More than two and a half years ago, I warned Fools that investing in for-profit education companies -- specifically for-profit colleges and universities -- was a bad idea. As you'll see, that prediction has proven true. But more importantly, it seems a new company might be on the verge of repeating the exact same mistakes.

A swift downfall
Back in February 2011, I focused on six specific companies that ran for-profit colleges and universities: Apollo Group (NASDAQ:APOL), Corinthian Colleges (UNKNOWN:COCOQ.DL), Education Management (OTC:EDMC), Lincoln, ITT , and Strayer.

Here's how they have performed since then:

STRA Total Return Price Chart

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Averaged out between these six companies, the average stock has lost 57% of its value. Over the exact same time frame, the S&P 500 has returned 35%. That means an investment in these companies is underperforming the market by an astounding 92% since February 2011!

The surface reasons for this downfall are fairly simple to see: The colleges rely too heavily on government funding, they have severely declining enrollments, and an alarmingly high percentage of their students are defaulting on their loans.

But couched underneath these surface factors was an even more pernicious fact: The Government Accountability Office uncovered admissions recruiters at Apollo, Corinthian, and Education Management who were misleading potential students and/or encouraging them to falsify their federal financial aid forms. Tens of thousands of students were being recruited for a service that wasn't fit for their personal circumstances -- leaving them with little to show for their decision but a boatload of debt.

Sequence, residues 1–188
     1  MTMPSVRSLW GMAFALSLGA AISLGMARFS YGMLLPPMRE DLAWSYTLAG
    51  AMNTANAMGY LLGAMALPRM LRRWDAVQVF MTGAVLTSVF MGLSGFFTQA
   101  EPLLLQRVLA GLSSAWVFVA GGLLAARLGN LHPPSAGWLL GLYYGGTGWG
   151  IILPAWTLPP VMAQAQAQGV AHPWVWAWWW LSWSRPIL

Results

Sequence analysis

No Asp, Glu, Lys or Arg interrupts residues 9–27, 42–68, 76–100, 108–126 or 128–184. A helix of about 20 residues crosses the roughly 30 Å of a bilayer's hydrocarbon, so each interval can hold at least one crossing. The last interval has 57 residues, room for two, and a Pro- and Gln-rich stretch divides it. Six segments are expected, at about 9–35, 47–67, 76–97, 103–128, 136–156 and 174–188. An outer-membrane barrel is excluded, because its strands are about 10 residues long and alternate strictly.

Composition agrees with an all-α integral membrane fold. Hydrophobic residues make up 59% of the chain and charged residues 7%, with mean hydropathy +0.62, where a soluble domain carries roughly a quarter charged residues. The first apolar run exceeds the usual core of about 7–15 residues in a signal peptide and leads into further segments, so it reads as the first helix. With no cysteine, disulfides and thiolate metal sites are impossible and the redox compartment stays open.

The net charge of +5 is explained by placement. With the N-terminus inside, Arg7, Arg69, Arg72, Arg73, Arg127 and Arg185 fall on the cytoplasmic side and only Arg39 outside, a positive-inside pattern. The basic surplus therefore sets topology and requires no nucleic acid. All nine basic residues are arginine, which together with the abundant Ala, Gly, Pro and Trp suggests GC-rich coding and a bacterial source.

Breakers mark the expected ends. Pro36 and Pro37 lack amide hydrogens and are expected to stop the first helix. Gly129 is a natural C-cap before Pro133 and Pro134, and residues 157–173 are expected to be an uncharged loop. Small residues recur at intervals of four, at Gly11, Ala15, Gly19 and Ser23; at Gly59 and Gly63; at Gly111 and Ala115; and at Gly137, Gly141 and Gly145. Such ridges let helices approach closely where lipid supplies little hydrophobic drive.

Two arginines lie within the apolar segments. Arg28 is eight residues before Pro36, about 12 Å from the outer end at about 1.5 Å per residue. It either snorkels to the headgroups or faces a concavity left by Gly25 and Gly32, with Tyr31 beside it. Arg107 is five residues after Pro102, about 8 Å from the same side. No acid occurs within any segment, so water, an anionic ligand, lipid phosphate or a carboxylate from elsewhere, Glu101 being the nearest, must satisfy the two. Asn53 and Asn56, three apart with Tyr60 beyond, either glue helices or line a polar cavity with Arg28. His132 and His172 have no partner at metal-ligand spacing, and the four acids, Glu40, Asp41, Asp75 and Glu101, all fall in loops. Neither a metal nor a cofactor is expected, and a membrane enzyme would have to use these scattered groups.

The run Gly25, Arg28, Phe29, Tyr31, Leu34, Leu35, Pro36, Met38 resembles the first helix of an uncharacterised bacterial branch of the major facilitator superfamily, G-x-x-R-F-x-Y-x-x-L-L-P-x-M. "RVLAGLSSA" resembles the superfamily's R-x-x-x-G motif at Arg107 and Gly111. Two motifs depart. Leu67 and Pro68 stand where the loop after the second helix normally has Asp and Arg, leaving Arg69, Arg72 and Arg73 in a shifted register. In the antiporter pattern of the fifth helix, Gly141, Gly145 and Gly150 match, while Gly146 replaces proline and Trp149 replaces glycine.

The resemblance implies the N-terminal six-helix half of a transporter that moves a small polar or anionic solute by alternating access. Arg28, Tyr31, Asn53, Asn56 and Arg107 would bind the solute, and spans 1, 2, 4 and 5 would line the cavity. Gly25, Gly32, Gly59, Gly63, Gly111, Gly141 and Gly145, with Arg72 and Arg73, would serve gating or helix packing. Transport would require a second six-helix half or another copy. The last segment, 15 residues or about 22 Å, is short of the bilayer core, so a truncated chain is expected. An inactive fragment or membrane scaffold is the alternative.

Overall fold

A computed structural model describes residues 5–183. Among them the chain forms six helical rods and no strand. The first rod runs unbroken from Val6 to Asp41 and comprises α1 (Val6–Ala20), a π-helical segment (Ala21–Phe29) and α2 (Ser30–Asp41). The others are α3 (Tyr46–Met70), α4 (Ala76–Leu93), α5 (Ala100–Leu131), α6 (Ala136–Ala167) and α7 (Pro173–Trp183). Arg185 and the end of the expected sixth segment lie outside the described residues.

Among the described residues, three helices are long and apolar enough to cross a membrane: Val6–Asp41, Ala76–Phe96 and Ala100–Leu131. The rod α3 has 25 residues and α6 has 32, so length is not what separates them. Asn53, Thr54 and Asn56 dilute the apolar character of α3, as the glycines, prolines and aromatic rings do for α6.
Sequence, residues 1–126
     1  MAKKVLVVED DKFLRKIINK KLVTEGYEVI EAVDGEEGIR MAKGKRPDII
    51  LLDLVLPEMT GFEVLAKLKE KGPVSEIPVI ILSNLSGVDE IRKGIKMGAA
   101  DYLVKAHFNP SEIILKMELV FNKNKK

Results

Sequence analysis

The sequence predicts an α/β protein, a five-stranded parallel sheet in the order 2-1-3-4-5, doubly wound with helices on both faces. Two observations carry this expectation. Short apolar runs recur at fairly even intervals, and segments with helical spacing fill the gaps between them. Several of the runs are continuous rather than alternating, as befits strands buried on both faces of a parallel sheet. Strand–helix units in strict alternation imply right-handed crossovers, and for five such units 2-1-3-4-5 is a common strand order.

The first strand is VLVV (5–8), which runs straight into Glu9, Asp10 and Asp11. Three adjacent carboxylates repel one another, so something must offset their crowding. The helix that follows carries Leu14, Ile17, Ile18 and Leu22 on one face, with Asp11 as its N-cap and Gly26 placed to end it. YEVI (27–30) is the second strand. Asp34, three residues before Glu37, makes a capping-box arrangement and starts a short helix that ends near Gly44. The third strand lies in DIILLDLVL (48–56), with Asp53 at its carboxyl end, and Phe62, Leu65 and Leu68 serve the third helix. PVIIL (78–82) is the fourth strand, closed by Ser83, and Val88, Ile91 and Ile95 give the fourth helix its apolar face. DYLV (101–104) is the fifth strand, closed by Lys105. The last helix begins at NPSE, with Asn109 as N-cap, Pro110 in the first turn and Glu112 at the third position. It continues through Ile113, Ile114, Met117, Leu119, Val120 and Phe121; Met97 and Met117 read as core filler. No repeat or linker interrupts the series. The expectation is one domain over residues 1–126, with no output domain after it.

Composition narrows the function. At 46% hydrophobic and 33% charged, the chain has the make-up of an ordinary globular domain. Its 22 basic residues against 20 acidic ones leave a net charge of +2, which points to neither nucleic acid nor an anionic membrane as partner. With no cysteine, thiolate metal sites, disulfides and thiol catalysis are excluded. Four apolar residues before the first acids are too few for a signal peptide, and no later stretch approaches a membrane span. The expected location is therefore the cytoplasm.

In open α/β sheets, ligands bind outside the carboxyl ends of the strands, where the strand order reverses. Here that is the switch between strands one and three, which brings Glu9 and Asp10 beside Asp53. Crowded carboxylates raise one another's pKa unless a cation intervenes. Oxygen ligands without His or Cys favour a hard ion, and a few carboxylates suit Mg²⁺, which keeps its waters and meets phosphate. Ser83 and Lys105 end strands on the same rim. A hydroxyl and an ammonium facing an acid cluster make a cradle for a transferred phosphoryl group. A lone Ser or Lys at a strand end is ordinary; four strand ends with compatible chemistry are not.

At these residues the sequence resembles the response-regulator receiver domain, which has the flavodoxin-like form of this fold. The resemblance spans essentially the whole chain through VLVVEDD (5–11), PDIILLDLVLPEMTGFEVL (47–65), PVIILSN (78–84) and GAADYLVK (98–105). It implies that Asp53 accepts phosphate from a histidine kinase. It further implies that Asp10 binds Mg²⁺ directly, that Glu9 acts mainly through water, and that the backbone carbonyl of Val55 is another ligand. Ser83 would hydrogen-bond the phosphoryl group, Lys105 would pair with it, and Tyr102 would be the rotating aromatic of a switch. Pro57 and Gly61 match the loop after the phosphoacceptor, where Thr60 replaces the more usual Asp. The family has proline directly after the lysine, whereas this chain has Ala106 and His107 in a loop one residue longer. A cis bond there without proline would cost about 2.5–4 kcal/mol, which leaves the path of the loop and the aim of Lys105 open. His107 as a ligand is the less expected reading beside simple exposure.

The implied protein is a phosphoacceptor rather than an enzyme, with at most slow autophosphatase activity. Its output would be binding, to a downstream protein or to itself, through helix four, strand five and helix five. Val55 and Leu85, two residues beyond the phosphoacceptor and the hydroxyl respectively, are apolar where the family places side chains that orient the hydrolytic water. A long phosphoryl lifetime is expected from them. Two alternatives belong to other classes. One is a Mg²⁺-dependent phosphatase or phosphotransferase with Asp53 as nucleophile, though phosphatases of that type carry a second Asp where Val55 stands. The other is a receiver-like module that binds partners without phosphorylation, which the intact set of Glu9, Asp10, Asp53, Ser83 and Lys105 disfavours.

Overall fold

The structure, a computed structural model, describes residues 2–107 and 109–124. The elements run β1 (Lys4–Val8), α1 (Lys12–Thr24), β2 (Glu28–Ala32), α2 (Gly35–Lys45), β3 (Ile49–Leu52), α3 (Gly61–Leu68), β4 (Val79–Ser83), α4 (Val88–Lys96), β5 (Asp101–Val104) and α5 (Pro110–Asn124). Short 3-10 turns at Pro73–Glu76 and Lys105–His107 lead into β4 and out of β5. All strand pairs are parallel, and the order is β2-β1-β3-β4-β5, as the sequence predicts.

Ostensibly, this practice owed to the fact that these counselors were incentivized to recruit as many students as possible; their commissions were based on how many students they could bring in. When the Obama administration outlawed the commission-based system, things started heading south for these schools.

History repeating itself?
With that as a backdrop, let's now consider why famed value investor Whitney Tilson (who used to occasionally write for the Motley Fool) thinks that shorting shares of K12 (NYSE:LRN) is a good idea.

The company has several revenue streams, but its most important one -- accounting for 86% of this year's estimated revenue -- comes from providing managed public schools via online charter schools. It is this segment that Wilson thinks is bound to implode.

The original idea behind these schools was simple: Some kids learn better when allowed to explore on their own, especially gifted students. For a few years, that plan attracted a decent number of students and growth to the company -- with most funding coming from state and local governments in the form of per-pupil monies.

But interviews with former administrators and teachers from K12 paint a picture of a company that changed course dramatically once it went public. Jeff Shaw, a former head of school for an Ohio K-12 school, said that K12 is "best suited for students who are hard-working, internally motivated self-starters, and who have at least one parent in the home during the school day."

And yet a few years after the company's IPO, "corporate assumed control of ... the enrollment process ... via call centers that were encouraging enrollment and enrolling students who were obviously ill-suited for learning in a virtual environment."

Sound familiar?

Tilson thinks so, and as he stated in a recent presentation, "States (and the IRS) are waking up to what K12 is doing and the company is coming under increased scrutiny ... and I believe this trend will accelerate." 

Speaking as a former teacher at a KIPP charter school (full disclosure: Tilson donates to KIPP), I can unequivocally tell you that Tilson is right about his assertions. High-risk students rarely flourish in unstructured, unsupervised settings, and it's only a matter of time before the enrollment numbers start to show this.

In fact, it seems those problems are already starting to crop up: Shares of the company plummeted last week on news that enrollment numbers weren't as high as expected and guidance was cut for the full year.